If you haven’t been paying much attention lately, you can be forgiven for looking at the standings this morning and finding the New York Yankees tied for first place with the Boston Red Sox. After all, the Yankees are the walking wounded, aren’t they? And they are playing the best-record-in-baseball Detroit Tigers, no? While the Red Sox are coming off a series with Tampa Bay and now facing Toronto.
Yes, the Yankees are hurting. The disabled list includes Hideki Matsui (broken wrist, 3 months), the guy who would have replaced Matsui in left, Bubba Crosby (hamstring, 2 weeks), Tanyon Sturtze (surgery, out indefinitely), and starter Shawn Chacon (got whacked with a comebacker, unknown). Don’t forget Johnny Damon who is playing with a broken foot, Gary Sheffield who is playing with a broken bone in his hand, Derek Jeter who won’t admit his hand may bother him after a slide into the bag the other night in Detroit, Jorge Posada who is having a leg/knee tendon issue, and no one has said anything about an injury yet but am I the only one who has noticed that in the past 3 weeks Jason Giambi’s bat seems to have slowed considerably? After his hot April, May has brought an unusual number of pop ups to left field. Last night he got a fastball down Broadway on a 3-1 pitch and missed it. Fortunately, in the 11th inning, he got a curve ball, guessed right, and jacked it into the seats for the game-winning RBI. It was reminiscent of a day in Oakland when he did the very same thing off Mike Stanton’s curve ball, though that one was a walk-off since Giambi then played for the home team.
So, how are the Yankees doing it? The outfield that was supposed to be Matsui, Damon, and Sheffield has been replaced by Melky Cabrera, Bernie Williams and Terrence Long. They had to call Long out of retirement, for goodness’ sake. Well, after looking a bit rusty in his debut at Fenway, Long has been fine as a fill-in guy, had two hits last night and will continue to be a fine stop-gap. Bernie Williams has stepped up big over the past ten days, hitting .389 (14 for 36) in that span. Melky Cabrera had four hits last night and is batting .333 over the past ten days with 9 RBI. He’s 13 for 39 with six walks.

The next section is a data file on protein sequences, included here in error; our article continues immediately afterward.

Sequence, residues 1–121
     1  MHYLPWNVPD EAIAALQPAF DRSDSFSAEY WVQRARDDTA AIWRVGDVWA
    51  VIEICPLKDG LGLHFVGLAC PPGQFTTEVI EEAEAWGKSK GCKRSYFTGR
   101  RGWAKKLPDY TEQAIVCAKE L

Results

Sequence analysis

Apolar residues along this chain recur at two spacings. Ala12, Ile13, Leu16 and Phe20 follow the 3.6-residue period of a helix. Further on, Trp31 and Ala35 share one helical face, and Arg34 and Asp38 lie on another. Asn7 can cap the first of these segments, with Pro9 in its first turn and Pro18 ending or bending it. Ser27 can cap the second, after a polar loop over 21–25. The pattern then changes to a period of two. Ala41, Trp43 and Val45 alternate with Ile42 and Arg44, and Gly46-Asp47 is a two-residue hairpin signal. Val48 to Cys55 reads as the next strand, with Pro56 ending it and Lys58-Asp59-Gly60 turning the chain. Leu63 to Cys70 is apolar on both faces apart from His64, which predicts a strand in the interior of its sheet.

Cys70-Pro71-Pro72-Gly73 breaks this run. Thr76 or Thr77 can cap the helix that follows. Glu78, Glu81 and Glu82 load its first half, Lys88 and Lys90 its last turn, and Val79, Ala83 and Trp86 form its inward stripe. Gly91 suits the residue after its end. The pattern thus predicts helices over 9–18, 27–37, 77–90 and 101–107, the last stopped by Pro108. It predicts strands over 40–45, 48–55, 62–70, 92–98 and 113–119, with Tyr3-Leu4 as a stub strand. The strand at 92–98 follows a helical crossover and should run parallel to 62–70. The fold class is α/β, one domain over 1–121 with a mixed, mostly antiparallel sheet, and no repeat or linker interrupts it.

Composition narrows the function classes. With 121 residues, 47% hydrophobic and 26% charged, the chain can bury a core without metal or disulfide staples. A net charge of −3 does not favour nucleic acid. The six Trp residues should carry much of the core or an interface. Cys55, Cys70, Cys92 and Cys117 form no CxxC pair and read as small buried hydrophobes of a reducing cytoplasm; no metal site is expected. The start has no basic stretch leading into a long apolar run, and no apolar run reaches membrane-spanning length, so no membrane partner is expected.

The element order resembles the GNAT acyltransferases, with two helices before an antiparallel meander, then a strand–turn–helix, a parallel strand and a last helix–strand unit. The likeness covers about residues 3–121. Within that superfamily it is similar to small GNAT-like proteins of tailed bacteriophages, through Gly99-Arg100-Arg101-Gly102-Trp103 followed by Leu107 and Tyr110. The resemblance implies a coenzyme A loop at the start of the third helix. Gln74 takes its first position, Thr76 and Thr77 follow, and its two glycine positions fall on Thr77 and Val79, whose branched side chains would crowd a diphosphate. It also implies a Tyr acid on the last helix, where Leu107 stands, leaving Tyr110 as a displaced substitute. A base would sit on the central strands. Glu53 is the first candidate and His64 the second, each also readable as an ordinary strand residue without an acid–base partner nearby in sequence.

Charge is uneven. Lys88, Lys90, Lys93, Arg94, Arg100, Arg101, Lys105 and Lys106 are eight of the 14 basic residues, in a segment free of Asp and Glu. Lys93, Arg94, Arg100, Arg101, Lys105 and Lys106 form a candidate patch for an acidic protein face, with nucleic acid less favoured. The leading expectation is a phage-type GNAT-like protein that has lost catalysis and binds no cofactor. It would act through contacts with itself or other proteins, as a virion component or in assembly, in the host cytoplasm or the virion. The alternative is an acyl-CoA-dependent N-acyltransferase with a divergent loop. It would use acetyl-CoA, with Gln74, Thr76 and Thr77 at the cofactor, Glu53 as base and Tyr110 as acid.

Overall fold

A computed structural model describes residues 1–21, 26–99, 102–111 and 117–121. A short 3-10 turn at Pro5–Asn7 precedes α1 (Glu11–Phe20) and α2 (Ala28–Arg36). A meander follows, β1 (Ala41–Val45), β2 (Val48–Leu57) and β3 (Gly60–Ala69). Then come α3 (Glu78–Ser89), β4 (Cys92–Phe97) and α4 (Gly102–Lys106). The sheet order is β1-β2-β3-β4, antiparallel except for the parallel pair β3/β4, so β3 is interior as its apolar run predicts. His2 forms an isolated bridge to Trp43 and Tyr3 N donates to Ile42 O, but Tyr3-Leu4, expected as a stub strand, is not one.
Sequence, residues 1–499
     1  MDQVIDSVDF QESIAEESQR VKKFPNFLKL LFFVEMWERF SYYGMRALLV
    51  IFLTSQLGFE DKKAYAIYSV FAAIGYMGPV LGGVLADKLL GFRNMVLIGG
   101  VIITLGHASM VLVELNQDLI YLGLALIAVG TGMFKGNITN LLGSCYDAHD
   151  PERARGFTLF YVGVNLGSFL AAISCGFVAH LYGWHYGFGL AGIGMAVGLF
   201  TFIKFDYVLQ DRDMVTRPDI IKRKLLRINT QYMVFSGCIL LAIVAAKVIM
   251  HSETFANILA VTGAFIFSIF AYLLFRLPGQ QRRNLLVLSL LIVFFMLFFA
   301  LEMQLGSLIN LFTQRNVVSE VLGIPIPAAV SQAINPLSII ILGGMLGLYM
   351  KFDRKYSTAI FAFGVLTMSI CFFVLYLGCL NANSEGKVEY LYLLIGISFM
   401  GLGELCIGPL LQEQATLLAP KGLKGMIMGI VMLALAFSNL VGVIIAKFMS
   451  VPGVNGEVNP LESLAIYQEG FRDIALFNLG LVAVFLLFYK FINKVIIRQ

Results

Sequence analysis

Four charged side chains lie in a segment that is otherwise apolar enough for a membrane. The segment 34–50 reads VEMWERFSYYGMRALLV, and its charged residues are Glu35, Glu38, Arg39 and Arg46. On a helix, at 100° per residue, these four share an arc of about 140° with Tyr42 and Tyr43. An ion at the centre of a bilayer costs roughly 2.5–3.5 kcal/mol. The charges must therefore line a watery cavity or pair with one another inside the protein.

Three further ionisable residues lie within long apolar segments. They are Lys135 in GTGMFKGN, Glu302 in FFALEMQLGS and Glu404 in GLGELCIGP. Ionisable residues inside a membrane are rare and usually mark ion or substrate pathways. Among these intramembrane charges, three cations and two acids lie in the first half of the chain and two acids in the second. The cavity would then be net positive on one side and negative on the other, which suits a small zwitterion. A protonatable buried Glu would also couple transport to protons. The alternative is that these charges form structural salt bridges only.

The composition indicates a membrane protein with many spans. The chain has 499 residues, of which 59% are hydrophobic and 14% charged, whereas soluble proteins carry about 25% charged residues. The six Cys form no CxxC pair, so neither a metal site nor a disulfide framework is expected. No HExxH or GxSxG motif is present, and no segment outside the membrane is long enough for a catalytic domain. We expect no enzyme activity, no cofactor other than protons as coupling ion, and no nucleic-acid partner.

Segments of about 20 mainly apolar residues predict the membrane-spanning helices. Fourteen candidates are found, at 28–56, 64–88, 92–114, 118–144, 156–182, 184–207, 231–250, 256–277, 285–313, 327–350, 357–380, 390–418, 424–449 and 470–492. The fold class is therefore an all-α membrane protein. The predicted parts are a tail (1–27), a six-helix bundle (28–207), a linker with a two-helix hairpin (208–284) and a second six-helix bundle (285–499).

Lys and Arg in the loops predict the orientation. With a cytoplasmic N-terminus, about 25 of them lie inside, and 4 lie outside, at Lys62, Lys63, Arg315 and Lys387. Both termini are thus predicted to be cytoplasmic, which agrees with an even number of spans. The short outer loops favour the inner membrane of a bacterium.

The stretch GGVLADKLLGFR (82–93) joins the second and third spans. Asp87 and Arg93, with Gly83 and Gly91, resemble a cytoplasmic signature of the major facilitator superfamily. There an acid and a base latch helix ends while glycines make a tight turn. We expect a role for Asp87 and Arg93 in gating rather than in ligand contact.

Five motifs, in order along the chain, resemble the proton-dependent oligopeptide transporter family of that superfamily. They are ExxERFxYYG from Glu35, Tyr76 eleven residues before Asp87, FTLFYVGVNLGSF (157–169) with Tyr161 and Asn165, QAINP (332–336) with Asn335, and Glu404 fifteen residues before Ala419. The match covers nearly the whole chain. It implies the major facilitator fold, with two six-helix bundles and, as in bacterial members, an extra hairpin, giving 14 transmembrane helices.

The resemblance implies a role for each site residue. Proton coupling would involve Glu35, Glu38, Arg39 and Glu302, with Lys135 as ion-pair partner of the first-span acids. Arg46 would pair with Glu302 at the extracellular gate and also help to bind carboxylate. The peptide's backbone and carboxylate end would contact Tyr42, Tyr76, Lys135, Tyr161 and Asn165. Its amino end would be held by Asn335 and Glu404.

And Damon, bum foot or no, has still been hitting at close to .300 and playing fine defense. Sheffield sat last night but will be back in the lineup most of this week.
How about the infield? Alex Rodriguez hit .375 over the past ten days, with 12 RBI and 11 runs scored. Jeter has been his usual self–let’s knock wood that the hand injury doesn’t cool him off more than a day or two. Giambi’s bat-speed woes we already discussed, and we’ll keep an eye on him. Robinson Cano continues to be a plain great hitter, hitting .299 this season. Posada’s injury will hopefully not derail what otherwise looks to be one of his best years at the plate so far. And even backup Kelly Stinnett looks like he is coming out of his slump–perhaps the increased playing time he received is the silver lining on Posada’s injury.
Of course, the real question is the pitching. Randy Johnson, who has been the cause of so much hair-tearing over the past month, took a no-hitter into the sixth in Detroit. Aaron Small, who seemed spectacularly ineffective out of the bullpen, has had two strong outings now where his only problem seemed to be he tires after four innings, as you might expect from a guy who just spent a month in the bullpen. With Chacon out and Pavano still not due back for quite a while, Small can once again save the Yankees’ bacon as he did last season. Mussina has once again been simply great, having added a new change-up to his mix this year. As usual Moose’s weakness is the long ball, as with many pitchers who throw a lot of strikes, but this is no more of a concern this season than in any other. Chien Ming-Wang has been consistent with his ground-ball inducing sinker, and Jaret Wright seems to have regained his effectiveness.
The bullpen has had some hiccups, but overall they have been good. Scott Proctor, who was lights out in April, had a rough stretch likely brought on by over-use, but hopefully he is over that now. Kyle Farnsworth has alternated between excellent and awful, sometimes from one pitch to the next, but he appears to be finding himself. Ron Villone has been steady, and Mariano Rivera pitched three innings of effortless relief last night to earn the win–the first time he pitched three innings since the fateful 2003 Aaron-Goes-Boone ALCS game seven.
So how are the Yankees doing it? By mixing and matching and working hard. They don’t have all the parts working together, but they have enough that they have won seven of their last 10 games.
The dogfight with Boston resumes next week with a four-game set at the Stadium. Hang on to your hats as the ride is likely to stay bumpy.
(Did you enjoy reading this blog entry? Please consider buying me a hot dog.)